Well the season is over and it appears to be a very bountiful year, with late season heat and with the rain holding off long enough to bring in the grapes. This article is for wineries concerned about their waste water system, which includes about every winery I have ever spoken with in California, Oregon and Washington.
Elutriate Systems is pleased to announce the successful start-up of two waste water systems, Bio Reactors, in California, one located in Lodi and the other in Santa Rosa. They are of particular interest in that the facilities represent two different aspects of the wine industry facing similar challenges.
The new systems located in Lodi, represents a traditional winery with an adjacent 200 acres of vineyard. The winery like many others was permitted by the county and began operation without the state’s WDR (Waste Discharge Requirements permit). Well low and behold a disgruntled employee reported the lapse and the method used of wastewater discharge and the resulting bad odors. Both the state regional water quality control officer and the health department became involved and the situation became nasty quickly.
Elutriate Systems installed a Bio Reactor system and with the great results of the system (BOD levels incoming of 30,000 ppm and discharge levels of 1,000 ppm during crush) headed off potential legal action from the state. The winery is currently off the RWQCB (Regional Water Quality Control Boards) hit list and is awaiting the issuance of the WDR. The moral of the story, if you do not have a WDR your operation is in jeopardy.
The Santa Rosa Bio Reactor installation provided a great wastewater solution to a newer development in the wine industry. With the softening of the wine industry, after the stock market collapse, a new wine industry has developed, wine storage. The facility is located in an industrial park and discharges to a local municipality, which requires a BOD level of less that 250 ppm. The long and short of it is the system performs as designed, the county is quite happy and so are the owners.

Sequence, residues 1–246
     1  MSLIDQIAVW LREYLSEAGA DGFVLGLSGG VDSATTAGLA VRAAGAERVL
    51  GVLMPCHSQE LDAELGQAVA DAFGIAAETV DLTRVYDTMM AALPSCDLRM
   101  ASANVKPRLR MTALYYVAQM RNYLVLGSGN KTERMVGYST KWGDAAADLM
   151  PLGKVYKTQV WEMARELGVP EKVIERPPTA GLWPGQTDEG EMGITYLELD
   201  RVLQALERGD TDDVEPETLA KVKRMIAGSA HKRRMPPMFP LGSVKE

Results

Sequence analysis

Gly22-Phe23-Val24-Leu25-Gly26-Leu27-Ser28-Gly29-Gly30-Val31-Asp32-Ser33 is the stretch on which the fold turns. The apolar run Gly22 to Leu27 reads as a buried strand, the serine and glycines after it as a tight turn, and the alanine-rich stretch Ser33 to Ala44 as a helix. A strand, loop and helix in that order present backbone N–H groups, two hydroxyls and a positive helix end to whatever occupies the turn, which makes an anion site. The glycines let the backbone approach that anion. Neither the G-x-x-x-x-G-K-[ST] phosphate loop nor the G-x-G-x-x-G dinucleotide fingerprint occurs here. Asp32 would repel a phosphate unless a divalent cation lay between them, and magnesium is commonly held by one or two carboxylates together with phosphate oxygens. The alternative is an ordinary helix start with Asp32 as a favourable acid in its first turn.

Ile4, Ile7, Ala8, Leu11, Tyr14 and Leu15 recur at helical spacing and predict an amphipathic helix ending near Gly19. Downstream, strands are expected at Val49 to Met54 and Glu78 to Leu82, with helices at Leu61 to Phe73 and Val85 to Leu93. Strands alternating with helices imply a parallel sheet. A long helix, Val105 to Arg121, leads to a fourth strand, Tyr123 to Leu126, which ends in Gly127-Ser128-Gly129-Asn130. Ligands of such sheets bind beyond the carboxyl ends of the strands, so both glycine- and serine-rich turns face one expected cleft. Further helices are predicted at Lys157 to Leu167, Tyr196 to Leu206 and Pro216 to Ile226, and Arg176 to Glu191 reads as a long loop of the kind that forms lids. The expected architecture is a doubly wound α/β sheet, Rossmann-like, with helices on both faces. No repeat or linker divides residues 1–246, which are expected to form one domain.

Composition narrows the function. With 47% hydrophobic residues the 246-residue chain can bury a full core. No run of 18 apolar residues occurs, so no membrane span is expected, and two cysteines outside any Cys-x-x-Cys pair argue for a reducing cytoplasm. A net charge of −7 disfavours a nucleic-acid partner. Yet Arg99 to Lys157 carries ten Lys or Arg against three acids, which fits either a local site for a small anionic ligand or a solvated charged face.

A Bio Reactor is a very effective means of digesting/consuming high levels of BOD. The high levels of BOD are caused by the dissolved sugars in the wastewater and are typical in wineries, fruit, juice and beverage processors. During crush these levels of BOD can range up to 30,000 ppm or greater. Sonoma and Napa counties require a BOD level of discharge to be less that 40 ppm, while other areas require 100 ppm per acre of loading.
Bio Reactors systems are modeled after the traditional sewer systems and are known as RAS (return activated sludge systems). As a system they are developed based upon a linking of equipment all with a particular task, any weak link in the system causes poor results. The systems are set-up as follows; the effluent is pumped to a rotary screen and then pumped into the first Bio Reactor tank(s) where it is pH adjusted to 6.8-7.2. The Bio Reactor is aerated with a very efficient rotary blower and distributed with fine bubble diffusers. This method of aeration is 3 times more efficient that floating aerators at converting electricity to dissolved oxygen. The reduced effluent gravity flows to a clarifier where the suspended bacteria, sludge is returned to the incoming wastewater stream. This returning of the bacteria/sludge (the critters that eat the sugars) is what creates a very high level of bacteria in the system. The more ants eating at the picnic basket the faster the food is devoured. The excess sludge makes an excellent soil amendment and is consistent with Bio Dynamic vineyard management.
Bio Reactors added ahead of an existing ponding system enable the system to handle increased loading.
Glenn Wensloff, a wastewater engineer, who heads Elutriate Systems, developed the newsletter. Visit the website and review the already published articles about wastewater solutions and completed projects. Elutriate Systems is offering a free booklet “An Operators Guide to Winery Waste Water Systems” please email for your copy. Visit our booth #1605 ground floor (mosh pit) at the ASEV Sacramento Wine show in January.